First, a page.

The two books under review are not among his most brilliant academic tomes. They are intended as popular explanations of the common law, undertaken in the guise of historical case studies and personal biographies. There are no “prerequisites” to prepare the unschooled reader for the experience of reading them. You need not have even a passing familiarity with Law for Dummies, a decent collection of Erle Stanley Gardner’s “Perry Mason” novels or a personal copy of Otto Preminger’s wonderful film, Anatomy of a Murder. As with the best of popularizations, Hutchinson’s books are understandable on their own. He communicates effectively and without being patronizing to anyone who thinks that Black’s Dictionary is a guide to Ebonics or African-American slang.
Although no doubt of interest to legal practitioners and law school professors (complimentary comments from the likes of retired Canadian Supreme Court Justice Ian Binnie and Harvard Law Professor Noah Feldman decorate the back covers of the books), they are plainly directed toward the intelligent laity. It is true that the copy-editing is sometimes languid, small details (especially in Laughing at the Gods) are unnecessarily repeated and, occasionally, the text seems a little more like a transcript of a loosely scripted conversation than a formal essay; nonetheless, this is a minor flaw and not excessively annoying. In general, the books do their jobs very well.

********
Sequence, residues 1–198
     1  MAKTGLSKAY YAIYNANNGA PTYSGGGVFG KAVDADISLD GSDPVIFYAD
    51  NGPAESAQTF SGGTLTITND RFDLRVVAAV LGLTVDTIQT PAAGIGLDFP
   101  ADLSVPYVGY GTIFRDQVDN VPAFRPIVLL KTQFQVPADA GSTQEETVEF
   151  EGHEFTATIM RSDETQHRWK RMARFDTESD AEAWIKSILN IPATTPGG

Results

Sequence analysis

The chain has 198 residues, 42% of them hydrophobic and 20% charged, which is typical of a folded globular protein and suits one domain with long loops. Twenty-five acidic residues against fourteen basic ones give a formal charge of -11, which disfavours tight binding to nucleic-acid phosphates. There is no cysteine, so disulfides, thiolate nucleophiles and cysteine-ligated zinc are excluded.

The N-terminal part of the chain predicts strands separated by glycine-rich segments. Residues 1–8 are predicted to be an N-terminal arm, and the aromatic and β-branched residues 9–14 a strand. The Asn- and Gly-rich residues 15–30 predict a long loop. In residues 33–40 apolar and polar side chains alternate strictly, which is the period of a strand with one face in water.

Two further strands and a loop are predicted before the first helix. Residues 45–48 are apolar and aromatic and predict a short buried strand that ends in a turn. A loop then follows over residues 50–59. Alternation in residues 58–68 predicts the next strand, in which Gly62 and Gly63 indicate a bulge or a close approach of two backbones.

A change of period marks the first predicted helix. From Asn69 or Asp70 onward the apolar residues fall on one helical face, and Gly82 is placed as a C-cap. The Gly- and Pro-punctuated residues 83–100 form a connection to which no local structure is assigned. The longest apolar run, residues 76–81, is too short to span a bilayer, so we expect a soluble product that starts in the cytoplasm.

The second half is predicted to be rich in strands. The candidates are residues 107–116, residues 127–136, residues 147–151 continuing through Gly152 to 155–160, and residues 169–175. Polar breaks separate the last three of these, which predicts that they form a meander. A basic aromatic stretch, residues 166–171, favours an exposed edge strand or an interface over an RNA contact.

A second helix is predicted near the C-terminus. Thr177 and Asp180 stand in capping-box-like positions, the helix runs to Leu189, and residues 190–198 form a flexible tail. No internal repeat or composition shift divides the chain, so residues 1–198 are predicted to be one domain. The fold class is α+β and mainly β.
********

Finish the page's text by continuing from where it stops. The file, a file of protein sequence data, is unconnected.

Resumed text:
I read them in the order of their publication—the latter being an unshackled companion to the former. I am happy that I did, for Is Eating People Wrong? strikes me as being the better or, perhaps, the more important of the two. It leads nicely to Laughing at the Gods, which supplements it in a way that might not be as satisfying if the relationship were reversed.